PULLMAN – Last weekend, Washington State had an impressive performance on a bright stage and raised the expectations surrounding its program.
The Cougars went to Madison, Wisconsin, and toughed out an upset victory over a ranked Badgers team in a challenging environment.
The win inspired WSU supporters and put the Cougars on the radar. They received 30 votes in the latest AP Top 25 poll.
“It confirms everything we thought we were going into the game,” Cougars tight end Billy Riviere said of the 17-14 triumph. “We can play with anybody in the country when we play our best.”
The Cougars stoked their ambitions and boosted confidence in their potential. Now, the question becomes: Can they sustain their upward trajectory?
WSU (2-0) seeks to build on its momentum and sweep its nonconference schedule at 2 p.m. Saturday, when the Cougars play host to underdog Colorado State at Gesa Field.
“Really good teams know how to deal with success,” WSU slot receiver Lincoln Victor said Tuesday. “We attacked this week knowing we can’t ride this high for too long.
“Knowing that we did go into Big Ten country and come out with a grinder of a win … it just shows what type of team we are and what type of team we can be. The mindset now is: We’ve barely scratched the surface.”
The Cougars are 17-point favorites coming off their grueling victory in Wisconsin.
WSU eked out a one-score win over FCS Idaho in the opener, but the Cougars didn’t waste an opportunity to prove themselves in Week 2, posting a signature win for the program in just the second game of the Jake Dickert era.
“We’re more excited to see how much better we can get after that type of a win,” WSU center Konner Gomness said.
CSU hasn’t proven much through two games under new coach Jay Norvell. The Rams were routed at No. 4 Michigan to open their season and fell behind by a big margin early in a home loss last weekend to Middle Tennessee State.
Pass protection has been the most glaring issue for the Rams and their pass-first Air Raid offense.
Redshirt freshman quarterback Clay Millen has absorbed 16 sacks – no team in the country has allowed more sacks than CSU this year. Starting left tackle Brian Crespo-Jaquez sustained a season-ending knee injury during practice last week. Starting right tackle Dontae Keys suffered a shoulder injury during the MTSU game and is questionable to play against the Cougars.
The Blue Raiders sacked Millen nine times. CSU tried to rally out of a five-touchdown hole in the second half but lost 34-19.
“We’re sick about (Millen) getting hit,” Norvell said. “It’s really just a tough situation for him to be in, but I love the way he competed.”
Shaky offensive line play would spell disaster for CSU this weekend.
WSU’s defensive front appears to be one of the Pac-12’s best. The group matched up well against the Badgers’ formidable running game and pro-caliber Big Ten offensive linemen. Star Cougars edge rushers Brennan Jackson and Ron Stone Jr. could be competing against Mountain West backups on Saturday.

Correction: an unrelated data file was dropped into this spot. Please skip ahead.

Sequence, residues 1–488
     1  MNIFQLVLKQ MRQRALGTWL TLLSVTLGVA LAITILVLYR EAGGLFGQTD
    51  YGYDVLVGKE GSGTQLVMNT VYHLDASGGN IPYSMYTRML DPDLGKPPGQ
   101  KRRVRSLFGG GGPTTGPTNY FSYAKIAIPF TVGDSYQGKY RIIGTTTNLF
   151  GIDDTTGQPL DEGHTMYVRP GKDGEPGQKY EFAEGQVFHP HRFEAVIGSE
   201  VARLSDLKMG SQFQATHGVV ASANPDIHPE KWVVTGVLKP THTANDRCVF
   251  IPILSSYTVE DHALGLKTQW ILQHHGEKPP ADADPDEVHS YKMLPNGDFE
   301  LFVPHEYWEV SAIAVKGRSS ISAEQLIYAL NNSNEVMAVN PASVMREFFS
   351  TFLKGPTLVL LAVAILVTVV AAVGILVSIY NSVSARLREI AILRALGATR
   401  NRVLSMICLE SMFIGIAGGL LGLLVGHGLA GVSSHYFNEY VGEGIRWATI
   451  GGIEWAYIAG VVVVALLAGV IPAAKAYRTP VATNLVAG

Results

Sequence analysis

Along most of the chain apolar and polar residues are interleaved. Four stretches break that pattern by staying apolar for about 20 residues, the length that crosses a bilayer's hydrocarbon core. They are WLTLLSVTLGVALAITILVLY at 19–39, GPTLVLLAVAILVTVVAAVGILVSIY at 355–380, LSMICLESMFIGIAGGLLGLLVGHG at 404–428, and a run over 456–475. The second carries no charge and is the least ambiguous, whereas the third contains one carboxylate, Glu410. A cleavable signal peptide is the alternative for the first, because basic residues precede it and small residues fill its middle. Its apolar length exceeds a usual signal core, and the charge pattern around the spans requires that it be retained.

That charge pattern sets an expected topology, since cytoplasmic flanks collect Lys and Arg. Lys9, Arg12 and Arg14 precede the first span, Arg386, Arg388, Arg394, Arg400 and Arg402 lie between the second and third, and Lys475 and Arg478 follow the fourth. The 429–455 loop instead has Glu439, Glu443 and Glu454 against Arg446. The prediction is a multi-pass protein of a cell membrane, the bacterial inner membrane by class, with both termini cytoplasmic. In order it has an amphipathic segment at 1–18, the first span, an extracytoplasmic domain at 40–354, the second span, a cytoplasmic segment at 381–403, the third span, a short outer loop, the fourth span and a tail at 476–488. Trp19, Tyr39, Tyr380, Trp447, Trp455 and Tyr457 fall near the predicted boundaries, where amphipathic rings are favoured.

“It definitely gives us some confidence, knowing we can hang with the big dogs,” Jackson said.
Dickert has been emphasizing the pass rush this week. WSU totaled six sacks in Week 1 and one against Wisconsin, a traditionally run-heavy team.
“We need to do a better job of disrupting the passer,” Dickert said.
“(The Rams) will get the ball out fast at times, but they’ll also sit back and try to take shots down the field. We gotta find ways to be aggressive and disrupt their quarterback, who – to his credit – has stood in there and taken a lot of shots this year and kept going.”
The Cougars’ defensive front shouldn’t give much ground against CSU, which is averaging 1 yard per carry. The Rams leaned on the deep ball last weekend and will be searching for soft spots in a WSU secondary that might be playing limited – No. 1 cornerback Derrick Langford Jr. and standout strong safety Jordan Lee are questionable due to injuries sustained at Wisconsin. CSU’s offense is led by a superstar receiver in Tory Horton, who could be a favorable matchup for the Rams.
“It’s really important that we shut down the run early on, get them into passing downs and attack with our best moves,” Jackson said. “Hopefully, we’ll get the offensive line rattled early, then hit the quarterback a couple of times and make him throw some errant throws, and get some turnovers.”
The Cougars are looking for their Air Raid to string together possessions and take some pressure off the defense, which has carried the team this season as the new offense settles in.
“We’d like to be out there a little more and give our defense a bigger rest,” Gomness said.
WSU’s offense has flashed signs of progress, but has yet to pull together a complete effort. Perhaps this will be the breakout game for quarterback Cameron Ward while facing an underwhelming CSU secondary.
CSU will hope to catch WSU napping and turn the game into a letdown for the home crowd. The Cougars plan to build on their reputation and keep the spirits climbing in Pullman.
“There is a standard of preparation, a standard of how we game plan and a standard of how we go throughout the week – that’s the message,” Dickert said. “I don’t believe in ‘trap’ games. I believe in preparing the right way to go out there and do what we need to do to be 1-0 each week, period.”
Local journalism is essential.
Give directly to The Spokesman-Review's Northwest Passages community forums series -- which helps to offset the costs of several reporter and editor positions at the newspaper -- by using the easy options below. Gifts processed in this system are not tax deductible, but are predominately used to help meet the local financial requirements needed to receive national matching-grant funds.
Subscribe to the Cougs newsletter
Get the latest Cougs headlines delivered to your inbox as they happen.